• The Australia women's team pursuit squad at the 2017 UCI Track World Championships. (AAP)Source: AAP
They were highly-rated ahead of the Olympics, but a nasty crash in training at the Rio de Janeiro velodrome thwarted the medal ambitions of Australia’s female team pursuit squad. Kieran Pender spoke with team members Annette Edmondson and Rebecca Wiasak as they finalise preparations for the Commonwealth Games with gold firmly on the agenda.
By
Kieran Pender

Source:
Cycling Central
28 Mar 2018 - 9:34 AM 

Mention of the 2016 Rio de Janeiro Olympics brings back painful memories for both Annette Edmondson and Rebecca Wiasak, although in very different ways.

For Edmondson, the trip to Brazil with her women’s team pursuit colleagues was supposed to be the pinnacle of a remarkable four years. Since securing bronze at the 2012 Olympics as a 20-year-old, Edmondson had become a star of the Australian track cycling program with success at the Commonwealth Games, world championships and also on the road. Rio was to be her crowning glory.

Just prior to the Olympics, Wiasak’s ambitions of triumph alongside Edmondson were crushed. The two-time individual pursuit world champion was the final rider cut from the team, and – unlike every other unit within the overall squad – coach Gary Sutton elected not to take a travelling reserve.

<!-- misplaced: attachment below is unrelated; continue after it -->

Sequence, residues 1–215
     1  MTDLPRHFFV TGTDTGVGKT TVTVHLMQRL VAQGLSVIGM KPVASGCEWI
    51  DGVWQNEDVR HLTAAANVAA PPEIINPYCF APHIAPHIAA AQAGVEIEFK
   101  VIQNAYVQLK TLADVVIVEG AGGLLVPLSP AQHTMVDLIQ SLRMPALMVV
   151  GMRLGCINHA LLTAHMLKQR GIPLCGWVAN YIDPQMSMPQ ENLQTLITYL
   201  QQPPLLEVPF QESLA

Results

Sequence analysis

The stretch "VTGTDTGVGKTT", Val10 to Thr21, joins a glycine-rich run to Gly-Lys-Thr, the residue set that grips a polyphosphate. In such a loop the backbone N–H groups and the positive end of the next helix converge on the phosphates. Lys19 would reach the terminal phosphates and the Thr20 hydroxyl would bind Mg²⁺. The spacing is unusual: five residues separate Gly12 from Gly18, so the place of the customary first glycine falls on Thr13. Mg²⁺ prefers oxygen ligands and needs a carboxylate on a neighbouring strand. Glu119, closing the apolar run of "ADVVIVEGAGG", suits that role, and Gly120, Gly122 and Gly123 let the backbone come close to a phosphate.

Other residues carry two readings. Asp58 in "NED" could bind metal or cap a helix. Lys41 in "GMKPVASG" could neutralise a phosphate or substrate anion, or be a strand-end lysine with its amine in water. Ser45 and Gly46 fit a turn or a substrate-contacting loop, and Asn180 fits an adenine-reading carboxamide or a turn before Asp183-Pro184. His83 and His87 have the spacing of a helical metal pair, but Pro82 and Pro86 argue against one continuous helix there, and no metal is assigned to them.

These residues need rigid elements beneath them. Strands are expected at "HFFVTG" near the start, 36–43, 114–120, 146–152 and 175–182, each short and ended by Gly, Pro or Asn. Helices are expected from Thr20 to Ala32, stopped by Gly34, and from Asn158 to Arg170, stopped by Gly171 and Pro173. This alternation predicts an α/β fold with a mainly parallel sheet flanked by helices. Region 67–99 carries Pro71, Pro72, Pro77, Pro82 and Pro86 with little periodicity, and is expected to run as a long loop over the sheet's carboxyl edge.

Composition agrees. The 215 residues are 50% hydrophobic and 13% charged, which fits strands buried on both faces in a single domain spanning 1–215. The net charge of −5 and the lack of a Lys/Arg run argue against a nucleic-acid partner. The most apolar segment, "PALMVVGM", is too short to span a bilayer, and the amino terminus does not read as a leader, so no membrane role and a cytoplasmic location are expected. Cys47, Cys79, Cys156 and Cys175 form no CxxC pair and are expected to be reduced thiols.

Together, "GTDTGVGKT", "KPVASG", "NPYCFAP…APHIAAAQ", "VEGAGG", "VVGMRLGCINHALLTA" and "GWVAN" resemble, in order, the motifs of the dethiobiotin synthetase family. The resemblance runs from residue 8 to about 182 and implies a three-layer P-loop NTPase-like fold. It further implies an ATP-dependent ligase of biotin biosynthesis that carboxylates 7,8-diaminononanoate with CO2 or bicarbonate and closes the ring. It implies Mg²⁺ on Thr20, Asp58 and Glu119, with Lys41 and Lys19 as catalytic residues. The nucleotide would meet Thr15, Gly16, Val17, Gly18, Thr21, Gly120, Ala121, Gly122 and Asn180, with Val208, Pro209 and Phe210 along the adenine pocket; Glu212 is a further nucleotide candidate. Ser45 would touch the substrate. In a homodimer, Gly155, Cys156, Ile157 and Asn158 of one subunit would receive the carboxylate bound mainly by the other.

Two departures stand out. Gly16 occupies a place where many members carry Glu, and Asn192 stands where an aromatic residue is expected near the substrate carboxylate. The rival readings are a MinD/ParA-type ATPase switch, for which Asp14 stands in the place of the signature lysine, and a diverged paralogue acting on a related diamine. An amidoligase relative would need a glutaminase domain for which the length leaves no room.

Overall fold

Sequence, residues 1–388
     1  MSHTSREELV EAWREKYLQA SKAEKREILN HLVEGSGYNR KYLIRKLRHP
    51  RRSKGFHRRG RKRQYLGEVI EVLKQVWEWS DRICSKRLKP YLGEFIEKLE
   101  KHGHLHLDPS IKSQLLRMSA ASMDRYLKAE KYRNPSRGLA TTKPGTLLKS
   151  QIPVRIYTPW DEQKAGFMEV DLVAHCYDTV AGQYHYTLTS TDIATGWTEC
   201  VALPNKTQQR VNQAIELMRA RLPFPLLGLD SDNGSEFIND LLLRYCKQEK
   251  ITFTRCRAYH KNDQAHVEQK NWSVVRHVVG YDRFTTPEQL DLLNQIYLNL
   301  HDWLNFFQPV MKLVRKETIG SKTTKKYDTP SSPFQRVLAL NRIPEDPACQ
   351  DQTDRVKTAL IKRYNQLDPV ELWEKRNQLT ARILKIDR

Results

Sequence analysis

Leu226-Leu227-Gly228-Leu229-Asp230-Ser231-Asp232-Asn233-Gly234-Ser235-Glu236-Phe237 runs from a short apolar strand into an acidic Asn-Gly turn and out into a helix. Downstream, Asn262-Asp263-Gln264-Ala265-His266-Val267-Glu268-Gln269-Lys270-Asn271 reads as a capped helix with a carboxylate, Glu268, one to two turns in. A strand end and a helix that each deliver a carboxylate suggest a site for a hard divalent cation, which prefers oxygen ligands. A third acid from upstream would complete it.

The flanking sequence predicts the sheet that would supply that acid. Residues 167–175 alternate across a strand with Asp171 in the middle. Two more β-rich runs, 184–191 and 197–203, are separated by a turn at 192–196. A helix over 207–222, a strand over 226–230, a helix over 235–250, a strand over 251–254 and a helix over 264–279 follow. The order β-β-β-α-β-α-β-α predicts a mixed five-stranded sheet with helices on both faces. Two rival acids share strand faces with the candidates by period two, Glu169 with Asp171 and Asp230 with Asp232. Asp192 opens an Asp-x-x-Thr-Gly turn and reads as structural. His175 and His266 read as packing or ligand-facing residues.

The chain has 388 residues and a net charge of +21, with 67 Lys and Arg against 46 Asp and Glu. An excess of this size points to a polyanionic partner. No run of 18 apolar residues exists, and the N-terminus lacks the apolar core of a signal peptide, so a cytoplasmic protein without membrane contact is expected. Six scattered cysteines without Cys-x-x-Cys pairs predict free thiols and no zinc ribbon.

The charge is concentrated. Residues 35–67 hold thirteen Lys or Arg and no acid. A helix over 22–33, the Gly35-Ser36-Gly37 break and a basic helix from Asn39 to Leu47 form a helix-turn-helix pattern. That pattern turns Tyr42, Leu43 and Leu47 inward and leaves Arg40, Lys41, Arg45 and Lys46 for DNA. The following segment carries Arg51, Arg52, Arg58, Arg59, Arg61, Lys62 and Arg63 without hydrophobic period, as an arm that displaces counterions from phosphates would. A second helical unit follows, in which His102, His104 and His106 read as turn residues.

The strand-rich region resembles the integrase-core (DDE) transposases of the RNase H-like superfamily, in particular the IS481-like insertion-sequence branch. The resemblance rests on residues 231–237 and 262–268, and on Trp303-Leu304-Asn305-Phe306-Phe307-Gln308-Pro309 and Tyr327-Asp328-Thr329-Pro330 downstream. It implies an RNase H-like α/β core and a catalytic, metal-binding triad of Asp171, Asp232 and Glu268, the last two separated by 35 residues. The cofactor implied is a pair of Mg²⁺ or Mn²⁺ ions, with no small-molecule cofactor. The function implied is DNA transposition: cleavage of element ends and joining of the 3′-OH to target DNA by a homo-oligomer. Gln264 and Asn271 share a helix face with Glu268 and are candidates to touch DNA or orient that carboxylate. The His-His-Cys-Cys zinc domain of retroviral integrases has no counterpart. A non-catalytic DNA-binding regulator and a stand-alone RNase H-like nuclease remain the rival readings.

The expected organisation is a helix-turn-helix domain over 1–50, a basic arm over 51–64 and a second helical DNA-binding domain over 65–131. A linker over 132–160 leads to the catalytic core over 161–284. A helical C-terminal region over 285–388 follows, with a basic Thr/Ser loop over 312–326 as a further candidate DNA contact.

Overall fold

As the Wiasak-less quintet trained on the Velódromo Municipal do Rio days before qualifying began, disaster struck. A touch of wheels saw Melissa Hoskins, Ashlee Ankudinoff, Amy Cure and Georgia Baker fall badly, with Hoskins taken to hospital. Only Edmondson escaped unharmed.

“I woke up to messages from journalists asking me if I was going to be flown to Rio,” Wiasak tells Cycling Central at a hipster coffee shop in Adelaide, where the national team is based.

“My first concern was for my team-mates – I had been with them every second of every day for so many months prior to the Games, and then nothing. I did not know whether they were okay. And then obviously I wanted to be in Rio to assist the girls on the track.”

While there were no significant injuries and the team put on a collective brave face, their performance during competition made it clear that the crash was having an impact. Despite qualifying third, the team ultimately placed fifth – well short of expectations.

“It was pretty hard to deal with,” recalls Edmondson. “Going in as world record holders, we really thought we were a chance for gold. Then we had the crash and that threw a spanner in the works. We tried to move on but it impacted the team more than expected.”

While Wiasak acknowledges that her travelling as a reserve (as Kaarle McCulloch, Jacob Schmid, Miles Scotson did for the other sub-teams) might not have made any difference – ‘I could have come down in that same training incident” – the situation compounded the psychological blow of non-selection.

“It was pretty devastating,” she admits. “Our squad had the ability to take a reserve, but we didn’t. That was what I struggled with the most.